The recent suicides of two hockey players, Rick Rypien and Wade Belak, and a fifth young person in less than two months on a First Nations reserve in northwestern Ontario have prompted a closer look at what the Canada Safety Council calls “Canada’s Silent Tragedy.” The September 3rd edition of the National Post newspaper includes a breakdown ‘by method’ of the most current complete annual suicide statistics for the year 2007.One of the identified methods is ‘crashing a motor vehicle’.
In Canada, in 1991, there were 3,690 road fatalities and 3,593 reported suicides. Since 1992, however, annual reported suicides have exceeded annual road fatalities. By 2003 there were 26 per cent more reported suicides than road fatalities. The 2007 Canadian Motor Vehicle Traffic Collision Statistics released by Transport Canada on March 24, 2010 (the most current complete annual statistics) show a decrease in road fatalities of 4.4 per cent from 2,889 in 2006 to 2,767 in 2007.
The outlook is positive for this downward trend in road fatalities —a 32.5 per cent decline since 1987— continuing in 2008.The 2,767 road fatalities in 2007, however, compare to (as noted above) 3,611 suicides in Canada in the same year, which amounts to 30 per cent more reported suicides than road fatalities.Out of the total of 3,611 reported suicides,the National Post reported 24 as having been caused by “crashing a motor vehicle.”
About the number of annual suicides, The Canada Safety Council notes that,alarming as it is,it may, however, be low because “it is impossible to know exactly how many deaths in single-vehicle crashes, railway trespassing incidents and other 'accidents' are intentional.”According to “Traffic Safety” by Dr. Leonard Evans —an internationally renowned expert on traffic safety often quoted by Road Rules — of the 25,840 drivers killed in the US in 2001, 48.94 percent were killed in single vehicle crashes.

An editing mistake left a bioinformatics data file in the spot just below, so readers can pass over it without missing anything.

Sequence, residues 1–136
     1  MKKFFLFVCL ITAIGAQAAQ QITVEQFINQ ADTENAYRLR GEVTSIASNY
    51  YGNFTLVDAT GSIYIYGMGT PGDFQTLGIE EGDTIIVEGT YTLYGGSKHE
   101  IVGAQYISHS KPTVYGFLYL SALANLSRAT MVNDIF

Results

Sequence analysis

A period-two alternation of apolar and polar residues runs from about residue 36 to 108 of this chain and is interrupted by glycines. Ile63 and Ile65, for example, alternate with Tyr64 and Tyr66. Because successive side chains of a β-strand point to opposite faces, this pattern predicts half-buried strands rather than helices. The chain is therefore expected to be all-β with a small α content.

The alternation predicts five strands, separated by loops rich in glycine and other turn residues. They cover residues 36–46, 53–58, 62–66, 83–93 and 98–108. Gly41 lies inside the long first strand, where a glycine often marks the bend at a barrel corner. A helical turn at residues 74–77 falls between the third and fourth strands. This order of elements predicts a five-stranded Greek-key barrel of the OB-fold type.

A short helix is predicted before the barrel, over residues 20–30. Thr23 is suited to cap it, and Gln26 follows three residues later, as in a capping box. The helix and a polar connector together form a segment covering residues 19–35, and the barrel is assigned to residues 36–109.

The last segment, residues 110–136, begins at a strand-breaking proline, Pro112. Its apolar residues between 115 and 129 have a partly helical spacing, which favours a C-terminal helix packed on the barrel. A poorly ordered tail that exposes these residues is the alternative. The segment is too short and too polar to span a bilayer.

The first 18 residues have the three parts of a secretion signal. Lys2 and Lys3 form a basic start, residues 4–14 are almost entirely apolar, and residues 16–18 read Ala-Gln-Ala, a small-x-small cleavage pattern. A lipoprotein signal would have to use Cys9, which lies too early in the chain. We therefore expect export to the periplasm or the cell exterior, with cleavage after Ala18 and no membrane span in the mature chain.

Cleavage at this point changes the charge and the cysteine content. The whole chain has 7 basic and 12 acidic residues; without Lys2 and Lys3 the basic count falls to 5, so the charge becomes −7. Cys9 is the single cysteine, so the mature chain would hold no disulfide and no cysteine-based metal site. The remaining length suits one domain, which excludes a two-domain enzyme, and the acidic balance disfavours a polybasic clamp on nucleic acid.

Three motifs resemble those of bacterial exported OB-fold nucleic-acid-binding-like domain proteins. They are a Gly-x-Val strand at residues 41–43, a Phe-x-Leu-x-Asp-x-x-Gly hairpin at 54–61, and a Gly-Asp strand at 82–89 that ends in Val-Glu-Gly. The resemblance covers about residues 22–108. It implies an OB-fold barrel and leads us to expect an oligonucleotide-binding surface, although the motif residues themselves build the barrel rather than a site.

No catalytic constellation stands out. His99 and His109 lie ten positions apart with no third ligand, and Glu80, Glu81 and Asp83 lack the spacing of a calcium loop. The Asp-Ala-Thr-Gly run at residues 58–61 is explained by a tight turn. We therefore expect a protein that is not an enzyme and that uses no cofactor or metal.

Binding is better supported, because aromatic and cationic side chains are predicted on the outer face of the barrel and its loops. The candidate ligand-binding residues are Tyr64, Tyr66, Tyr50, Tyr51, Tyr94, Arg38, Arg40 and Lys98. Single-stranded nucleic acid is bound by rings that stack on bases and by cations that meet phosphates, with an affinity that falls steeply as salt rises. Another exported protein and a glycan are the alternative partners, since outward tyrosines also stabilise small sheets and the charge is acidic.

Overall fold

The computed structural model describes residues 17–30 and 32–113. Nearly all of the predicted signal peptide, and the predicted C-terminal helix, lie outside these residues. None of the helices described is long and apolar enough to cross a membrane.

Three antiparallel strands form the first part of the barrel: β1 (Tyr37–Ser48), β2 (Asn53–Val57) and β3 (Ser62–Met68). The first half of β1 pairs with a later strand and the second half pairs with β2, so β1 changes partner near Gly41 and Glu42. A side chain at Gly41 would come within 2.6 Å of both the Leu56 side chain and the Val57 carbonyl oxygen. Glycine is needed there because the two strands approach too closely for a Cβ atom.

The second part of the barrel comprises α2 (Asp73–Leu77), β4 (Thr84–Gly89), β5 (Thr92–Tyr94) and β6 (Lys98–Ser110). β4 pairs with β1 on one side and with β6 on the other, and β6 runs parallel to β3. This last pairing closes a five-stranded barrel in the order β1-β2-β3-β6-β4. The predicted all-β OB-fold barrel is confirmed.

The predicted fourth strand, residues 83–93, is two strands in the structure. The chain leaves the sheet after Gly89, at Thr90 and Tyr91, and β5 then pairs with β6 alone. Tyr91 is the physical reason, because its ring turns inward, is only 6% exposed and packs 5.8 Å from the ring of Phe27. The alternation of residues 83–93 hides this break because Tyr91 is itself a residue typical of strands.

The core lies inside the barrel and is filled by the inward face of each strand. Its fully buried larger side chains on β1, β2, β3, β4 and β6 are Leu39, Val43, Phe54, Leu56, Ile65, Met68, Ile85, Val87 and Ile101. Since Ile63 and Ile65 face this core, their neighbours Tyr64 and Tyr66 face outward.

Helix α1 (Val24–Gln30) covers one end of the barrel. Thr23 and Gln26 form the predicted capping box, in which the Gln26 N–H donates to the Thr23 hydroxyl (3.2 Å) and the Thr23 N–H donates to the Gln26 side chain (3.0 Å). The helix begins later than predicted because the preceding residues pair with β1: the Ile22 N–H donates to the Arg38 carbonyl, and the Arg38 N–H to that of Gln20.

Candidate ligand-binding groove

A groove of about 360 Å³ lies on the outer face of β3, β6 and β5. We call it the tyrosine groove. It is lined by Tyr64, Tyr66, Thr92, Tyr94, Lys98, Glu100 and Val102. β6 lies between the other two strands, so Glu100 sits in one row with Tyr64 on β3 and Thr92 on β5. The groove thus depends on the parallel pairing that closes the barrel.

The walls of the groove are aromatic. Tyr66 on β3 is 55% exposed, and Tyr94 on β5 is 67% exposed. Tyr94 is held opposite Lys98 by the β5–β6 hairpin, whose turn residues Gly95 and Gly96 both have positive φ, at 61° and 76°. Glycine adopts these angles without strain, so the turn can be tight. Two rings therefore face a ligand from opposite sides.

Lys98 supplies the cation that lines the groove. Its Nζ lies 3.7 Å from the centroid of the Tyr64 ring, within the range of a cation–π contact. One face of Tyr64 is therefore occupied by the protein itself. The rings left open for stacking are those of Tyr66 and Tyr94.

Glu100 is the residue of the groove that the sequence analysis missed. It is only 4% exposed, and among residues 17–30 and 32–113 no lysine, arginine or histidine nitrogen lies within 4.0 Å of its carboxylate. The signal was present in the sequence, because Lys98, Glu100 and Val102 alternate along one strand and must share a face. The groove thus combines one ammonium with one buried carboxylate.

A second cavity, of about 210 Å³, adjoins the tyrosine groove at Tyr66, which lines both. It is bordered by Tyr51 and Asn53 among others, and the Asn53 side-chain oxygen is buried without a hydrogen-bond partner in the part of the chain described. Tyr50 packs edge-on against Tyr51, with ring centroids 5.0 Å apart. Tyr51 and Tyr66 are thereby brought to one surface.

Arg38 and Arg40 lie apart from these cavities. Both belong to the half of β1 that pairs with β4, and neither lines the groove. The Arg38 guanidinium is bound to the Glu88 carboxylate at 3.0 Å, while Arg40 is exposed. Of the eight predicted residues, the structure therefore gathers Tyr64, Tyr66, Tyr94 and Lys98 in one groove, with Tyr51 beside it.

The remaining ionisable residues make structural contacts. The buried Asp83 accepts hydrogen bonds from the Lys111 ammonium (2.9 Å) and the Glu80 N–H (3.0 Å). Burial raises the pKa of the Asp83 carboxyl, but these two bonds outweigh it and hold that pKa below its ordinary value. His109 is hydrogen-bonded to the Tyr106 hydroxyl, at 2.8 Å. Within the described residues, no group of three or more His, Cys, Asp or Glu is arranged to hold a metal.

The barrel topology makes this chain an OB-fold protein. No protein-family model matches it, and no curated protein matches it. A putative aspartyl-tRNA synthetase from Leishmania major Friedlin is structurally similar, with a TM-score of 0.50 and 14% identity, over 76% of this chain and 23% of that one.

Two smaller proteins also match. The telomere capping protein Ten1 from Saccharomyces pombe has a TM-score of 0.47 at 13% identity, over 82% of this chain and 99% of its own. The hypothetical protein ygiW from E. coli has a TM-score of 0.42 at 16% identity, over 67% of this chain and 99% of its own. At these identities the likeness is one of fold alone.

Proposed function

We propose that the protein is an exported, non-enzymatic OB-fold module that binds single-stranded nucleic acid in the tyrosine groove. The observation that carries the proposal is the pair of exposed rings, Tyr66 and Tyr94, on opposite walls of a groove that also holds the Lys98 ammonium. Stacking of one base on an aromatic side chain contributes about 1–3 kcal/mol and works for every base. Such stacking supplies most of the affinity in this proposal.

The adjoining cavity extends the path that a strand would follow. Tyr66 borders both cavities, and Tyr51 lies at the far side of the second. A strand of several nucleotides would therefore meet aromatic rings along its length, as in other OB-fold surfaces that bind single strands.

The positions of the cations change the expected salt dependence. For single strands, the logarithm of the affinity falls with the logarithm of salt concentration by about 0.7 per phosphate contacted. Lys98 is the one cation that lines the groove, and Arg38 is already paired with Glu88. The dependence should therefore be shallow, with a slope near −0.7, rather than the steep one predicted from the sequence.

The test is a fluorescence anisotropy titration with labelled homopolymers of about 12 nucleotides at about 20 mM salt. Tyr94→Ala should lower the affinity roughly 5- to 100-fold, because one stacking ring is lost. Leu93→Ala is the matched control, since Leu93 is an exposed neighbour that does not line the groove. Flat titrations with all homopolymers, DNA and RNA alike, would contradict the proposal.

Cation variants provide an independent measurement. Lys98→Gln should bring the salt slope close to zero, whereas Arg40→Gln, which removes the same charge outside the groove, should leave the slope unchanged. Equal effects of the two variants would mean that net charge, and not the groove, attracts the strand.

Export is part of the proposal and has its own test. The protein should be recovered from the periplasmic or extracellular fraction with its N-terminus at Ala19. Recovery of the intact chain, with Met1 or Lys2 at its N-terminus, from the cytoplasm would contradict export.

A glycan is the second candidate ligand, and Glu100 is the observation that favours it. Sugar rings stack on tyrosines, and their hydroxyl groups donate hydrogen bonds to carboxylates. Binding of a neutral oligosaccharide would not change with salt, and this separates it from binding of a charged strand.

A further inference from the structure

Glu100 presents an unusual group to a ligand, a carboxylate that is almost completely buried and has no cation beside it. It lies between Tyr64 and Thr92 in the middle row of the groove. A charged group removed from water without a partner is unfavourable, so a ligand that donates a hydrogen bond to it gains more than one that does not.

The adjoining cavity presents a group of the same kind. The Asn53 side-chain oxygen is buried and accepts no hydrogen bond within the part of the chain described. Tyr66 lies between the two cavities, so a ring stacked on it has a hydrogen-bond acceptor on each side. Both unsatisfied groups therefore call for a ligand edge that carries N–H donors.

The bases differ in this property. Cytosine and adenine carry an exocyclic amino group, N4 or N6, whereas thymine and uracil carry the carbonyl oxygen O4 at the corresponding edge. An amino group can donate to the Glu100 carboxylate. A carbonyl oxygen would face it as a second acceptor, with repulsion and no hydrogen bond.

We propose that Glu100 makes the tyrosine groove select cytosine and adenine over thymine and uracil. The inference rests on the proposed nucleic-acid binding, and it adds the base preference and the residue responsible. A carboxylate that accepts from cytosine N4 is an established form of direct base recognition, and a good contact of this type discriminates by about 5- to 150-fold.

On the subject of recording fatal crashes in which deliberate intent can be definitively identified, Dr. Evans points out what he calls a deficiency, “for no good” reason in the US Fatality Reporting System (FARS) in its excluding such cases from the total count. He criticizes this exclusion, small as it may be, for making “the file less useful for investigating traffic suicides.” In calling for correction he notes that “indirect methods applied to Finnish data indicate that as many as 5.9% of traffic deaths may be suicides.”
Comparing annual suicides and annual road fatalities and noting the ‘fuzzy’ overlap between them raiseanother important consideration. For each completed suicide there are 100 attempts, for each road fatality an estimated 120 injuries. We really don’t know the extent of intentionally caused road fatality and injury, which means there is an unquantified risk against which few, if any, road safety measures have been directed.
September 10th every year is World Suicide Prevention Day. One thing you can do to acknowledge this day, this “silent tragedy” is take a few minutes to review the ‘About Suicide’ pages on www.suicideprevention.ca.